That can be highly frustrating for the users and almost impossible for us to track each one down and fix it in due time, despite our best efforts.

  2. New technology becomes available and sets a brand new standard (and different expectations from the user community).

    We see amazing new technology making its way to the market year by year. Which is why we’ve developed our new plugin, Visual Composer Website Builder using React.js

4: Competition is fiercer than ever and that’s good news—such a great way to push your own limits.

We’ve got a lot of comments about some new products that are in direct competition with our plugins.

The general “vibe” of the questions was Aren’t you scared?

And my genuine answer—and, please believe me, not at all arrogant or self-sufficient—was No, not scared at all.

And that’s because we’ve learned from our past mistakes and wrapped up our experience and the knowledge we’ve gained into a new & better product.

That’s how Visual Composer Website Builder came to life.

When we built WP Bakery Page Builder, we wanted to change the way we used to build websites in WordPress at the time. And we did.

Now, we wanted to meet our users’ current standards and build a complete website builder that covers all they need. And we did.

Because that’s in the Visual Composer DNA: we push our own limits to evolve and create better experiences for our users.

Sure, we make mistakes along the way. But we learn from them and do better work, time and time again.

5: The best way to come up with the next big thing is to listen c-a-r-e-f-u-l-l-y to your users’ wishes.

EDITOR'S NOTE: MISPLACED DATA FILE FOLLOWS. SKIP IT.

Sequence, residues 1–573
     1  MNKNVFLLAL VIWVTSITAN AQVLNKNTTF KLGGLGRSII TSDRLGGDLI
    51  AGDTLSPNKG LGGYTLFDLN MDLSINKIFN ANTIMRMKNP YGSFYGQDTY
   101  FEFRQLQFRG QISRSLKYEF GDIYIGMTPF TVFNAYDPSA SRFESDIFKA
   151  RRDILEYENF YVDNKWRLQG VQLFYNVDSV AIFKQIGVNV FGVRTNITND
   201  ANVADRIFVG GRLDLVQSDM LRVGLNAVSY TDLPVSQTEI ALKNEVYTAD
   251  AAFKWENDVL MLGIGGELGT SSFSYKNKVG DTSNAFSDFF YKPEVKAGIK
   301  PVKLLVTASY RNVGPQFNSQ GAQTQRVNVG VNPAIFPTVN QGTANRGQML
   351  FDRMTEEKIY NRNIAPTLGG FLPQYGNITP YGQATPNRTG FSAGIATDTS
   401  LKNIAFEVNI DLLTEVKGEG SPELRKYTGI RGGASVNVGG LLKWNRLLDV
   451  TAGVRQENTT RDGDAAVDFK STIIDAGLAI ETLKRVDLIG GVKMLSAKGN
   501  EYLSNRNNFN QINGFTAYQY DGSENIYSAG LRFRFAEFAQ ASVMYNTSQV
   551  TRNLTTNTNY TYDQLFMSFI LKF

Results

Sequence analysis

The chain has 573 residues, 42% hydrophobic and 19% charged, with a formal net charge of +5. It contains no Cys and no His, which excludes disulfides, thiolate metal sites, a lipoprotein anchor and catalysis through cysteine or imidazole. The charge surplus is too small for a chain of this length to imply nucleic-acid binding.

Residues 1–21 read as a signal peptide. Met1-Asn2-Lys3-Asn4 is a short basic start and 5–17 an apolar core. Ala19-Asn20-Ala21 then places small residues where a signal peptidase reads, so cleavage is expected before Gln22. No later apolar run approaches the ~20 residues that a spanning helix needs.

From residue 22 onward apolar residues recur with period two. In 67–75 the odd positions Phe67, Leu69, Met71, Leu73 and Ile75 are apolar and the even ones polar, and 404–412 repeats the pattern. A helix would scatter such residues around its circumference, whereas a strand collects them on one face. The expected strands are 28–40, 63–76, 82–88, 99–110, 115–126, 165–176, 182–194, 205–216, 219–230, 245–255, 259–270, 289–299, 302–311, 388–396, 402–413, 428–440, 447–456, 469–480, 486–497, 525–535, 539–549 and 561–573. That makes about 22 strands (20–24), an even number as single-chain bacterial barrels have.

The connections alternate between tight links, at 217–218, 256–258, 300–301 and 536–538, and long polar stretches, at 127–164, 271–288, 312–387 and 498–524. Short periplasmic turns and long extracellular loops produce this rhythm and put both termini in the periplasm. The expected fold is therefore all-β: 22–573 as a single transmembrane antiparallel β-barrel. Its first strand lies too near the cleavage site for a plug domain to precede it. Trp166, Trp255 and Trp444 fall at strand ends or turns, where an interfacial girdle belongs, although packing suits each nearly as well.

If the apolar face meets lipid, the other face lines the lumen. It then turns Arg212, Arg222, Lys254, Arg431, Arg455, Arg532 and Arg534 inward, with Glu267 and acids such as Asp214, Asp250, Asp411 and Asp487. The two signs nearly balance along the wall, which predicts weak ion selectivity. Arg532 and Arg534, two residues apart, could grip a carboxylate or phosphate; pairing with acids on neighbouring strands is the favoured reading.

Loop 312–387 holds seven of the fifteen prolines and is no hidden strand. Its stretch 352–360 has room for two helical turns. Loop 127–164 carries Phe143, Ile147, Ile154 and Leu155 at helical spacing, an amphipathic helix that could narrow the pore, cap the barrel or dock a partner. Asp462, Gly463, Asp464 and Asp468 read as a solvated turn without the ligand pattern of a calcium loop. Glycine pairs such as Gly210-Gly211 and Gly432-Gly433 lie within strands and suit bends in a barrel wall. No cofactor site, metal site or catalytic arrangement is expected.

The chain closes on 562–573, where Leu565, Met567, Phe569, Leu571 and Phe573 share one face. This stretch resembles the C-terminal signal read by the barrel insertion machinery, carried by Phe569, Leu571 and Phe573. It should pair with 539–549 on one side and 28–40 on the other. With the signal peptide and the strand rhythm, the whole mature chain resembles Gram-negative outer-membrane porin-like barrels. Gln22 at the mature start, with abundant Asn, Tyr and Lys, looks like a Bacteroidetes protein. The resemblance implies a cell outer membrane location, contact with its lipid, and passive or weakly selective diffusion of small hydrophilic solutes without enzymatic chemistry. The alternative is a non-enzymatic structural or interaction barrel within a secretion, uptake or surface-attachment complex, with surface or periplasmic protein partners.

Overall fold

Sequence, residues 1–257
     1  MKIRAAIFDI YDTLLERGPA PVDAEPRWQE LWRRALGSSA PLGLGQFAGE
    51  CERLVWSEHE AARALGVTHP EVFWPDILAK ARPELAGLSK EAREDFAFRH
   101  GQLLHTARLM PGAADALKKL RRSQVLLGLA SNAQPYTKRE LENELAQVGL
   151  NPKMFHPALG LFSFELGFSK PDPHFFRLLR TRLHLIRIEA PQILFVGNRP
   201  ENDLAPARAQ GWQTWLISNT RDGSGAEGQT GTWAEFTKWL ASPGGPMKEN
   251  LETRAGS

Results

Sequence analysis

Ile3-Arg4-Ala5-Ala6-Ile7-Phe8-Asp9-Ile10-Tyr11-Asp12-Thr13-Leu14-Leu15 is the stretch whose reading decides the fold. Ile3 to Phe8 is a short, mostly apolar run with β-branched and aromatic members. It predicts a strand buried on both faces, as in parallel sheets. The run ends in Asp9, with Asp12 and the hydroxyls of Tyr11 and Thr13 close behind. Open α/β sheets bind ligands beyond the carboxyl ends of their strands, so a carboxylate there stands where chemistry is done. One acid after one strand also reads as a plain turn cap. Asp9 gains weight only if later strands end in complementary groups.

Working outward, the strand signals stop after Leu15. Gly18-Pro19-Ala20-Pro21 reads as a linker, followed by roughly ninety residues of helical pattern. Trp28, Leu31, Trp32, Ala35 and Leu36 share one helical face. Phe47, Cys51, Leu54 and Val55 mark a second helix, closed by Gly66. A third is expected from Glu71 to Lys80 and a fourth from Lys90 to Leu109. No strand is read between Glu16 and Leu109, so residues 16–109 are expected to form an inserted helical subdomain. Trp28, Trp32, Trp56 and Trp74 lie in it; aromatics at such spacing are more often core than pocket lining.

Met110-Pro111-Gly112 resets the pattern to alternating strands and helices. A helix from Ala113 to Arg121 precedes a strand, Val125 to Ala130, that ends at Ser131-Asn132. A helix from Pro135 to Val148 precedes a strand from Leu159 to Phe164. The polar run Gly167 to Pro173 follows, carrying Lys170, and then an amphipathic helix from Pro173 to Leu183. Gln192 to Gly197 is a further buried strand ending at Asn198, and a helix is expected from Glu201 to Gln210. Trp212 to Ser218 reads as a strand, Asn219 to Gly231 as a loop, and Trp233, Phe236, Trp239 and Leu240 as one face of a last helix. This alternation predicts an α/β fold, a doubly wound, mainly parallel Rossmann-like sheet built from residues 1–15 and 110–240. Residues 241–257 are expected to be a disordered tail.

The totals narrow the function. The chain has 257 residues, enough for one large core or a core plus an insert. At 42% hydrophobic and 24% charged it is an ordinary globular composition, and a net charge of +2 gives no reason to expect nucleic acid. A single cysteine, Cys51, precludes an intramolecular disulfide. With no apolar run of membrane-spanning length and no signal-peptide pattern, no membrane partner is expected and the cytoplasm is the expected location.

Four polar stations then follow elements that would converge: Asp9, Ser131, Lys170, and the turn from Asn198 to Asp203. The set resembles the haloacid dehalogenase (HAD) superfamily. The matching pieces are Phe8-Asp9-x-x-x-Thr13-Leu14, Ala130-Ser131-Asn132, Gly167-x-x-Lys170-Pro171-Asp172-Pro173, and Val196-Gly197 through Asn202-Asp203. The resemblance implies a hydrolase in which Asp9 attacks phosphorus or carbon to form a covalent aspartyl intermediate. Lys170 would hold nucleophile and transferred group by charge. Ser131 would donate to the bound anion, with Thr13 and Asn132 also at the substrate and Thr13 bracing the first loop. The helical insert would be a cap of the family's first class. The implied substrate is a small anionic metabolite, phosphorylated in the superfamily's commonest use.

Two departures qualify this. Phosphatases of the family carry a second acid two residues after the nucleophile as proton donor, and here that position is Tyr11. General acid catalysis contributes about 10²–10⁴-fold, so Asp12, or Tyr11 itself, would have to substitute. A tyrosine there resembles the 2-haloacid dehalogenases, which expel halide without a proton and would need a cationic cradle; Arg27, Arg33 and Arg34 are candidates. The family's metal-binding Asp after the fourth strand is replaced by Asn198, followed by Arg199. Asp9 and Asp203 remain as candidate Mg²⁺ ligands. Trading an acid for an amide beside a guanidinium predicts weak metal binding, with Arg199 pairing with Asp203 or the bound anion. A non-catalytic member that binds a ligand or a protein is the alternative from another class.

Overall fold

I left this one for the end, not because it’s the least important. Just the contrary.

After my AMA, I felt like I discovered a secret treasure of brilliant ideas, well-thought opinions, and rock-solid arguments.

Things that my team and I had been thinking about, individually and together, for months. But until the AMA, it all felt like walking on a water bed. If you’ve ever tried to pull that off, you know you can’t walk with confidence on one of those.

But when I talked to the community, saw their concerns about Visual Composer and their on-point questions about our plugins… it was like someone was reading our minds.

But here’s where the AMA made a huge difference…

The community not only voiced concerns and asked questions.
They gave advice, made suggestions, told us what they wanted and expected from us, and planted the seed of new outcomes.

Right now, we’re working on improving Visual Composer Website Builder, taking all that input into consideration.

And to make sure we make the plugin exactly as our users want it, I want to offer you something in exchange for your honest opinion:

I’m giving you free access to the premium version of Visual Composer Website Builder.

I’m giving away 30 free licenses to the premium version of Visual Composer Website Builder. (UPDATE: We are out of free licenses in this giveaway - thanks for the massive interest). Would you like to try it out and let me know what you think? Leave a comment below and, if there are any free licenses still available, my team will give you access. The giveaway will be active for a whole month until May 31, 2019.

Why am I doing this?

Any feedback from our users will help us make the plugin even better (and you’ll have access to all the updates, of course).

All in all, I hope you’ve enjoyed these little nuggets of wisdom from the Reddit community. If you want to read the thread, you’ll find it here—it’s pretty entertaining, I must say.

And I hope you’ll take me on my offer to give Visual Composer Website Builder a free trial. Leave a comment if you’re in!

Thanks for reading,
Michael

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Visual Composer’s New Name and the Confusing Story behind It https://visualcomposer.com/blog/visual-composers-new-name-and-the-confusing-story-behind-it/ https://visualcomposer.com/blog/visual-composers-new-name-and-the-confusing-story-behind-it/#comments Sat, 12 Jan 2019 09:24:49 +0000 http://t.visualcomposer.com/?p=13158 You have probably seen two new names - WP Bakery and Visual Composer Website Builder. Which one is the original Visual Composer? It's time to reveal the whole story.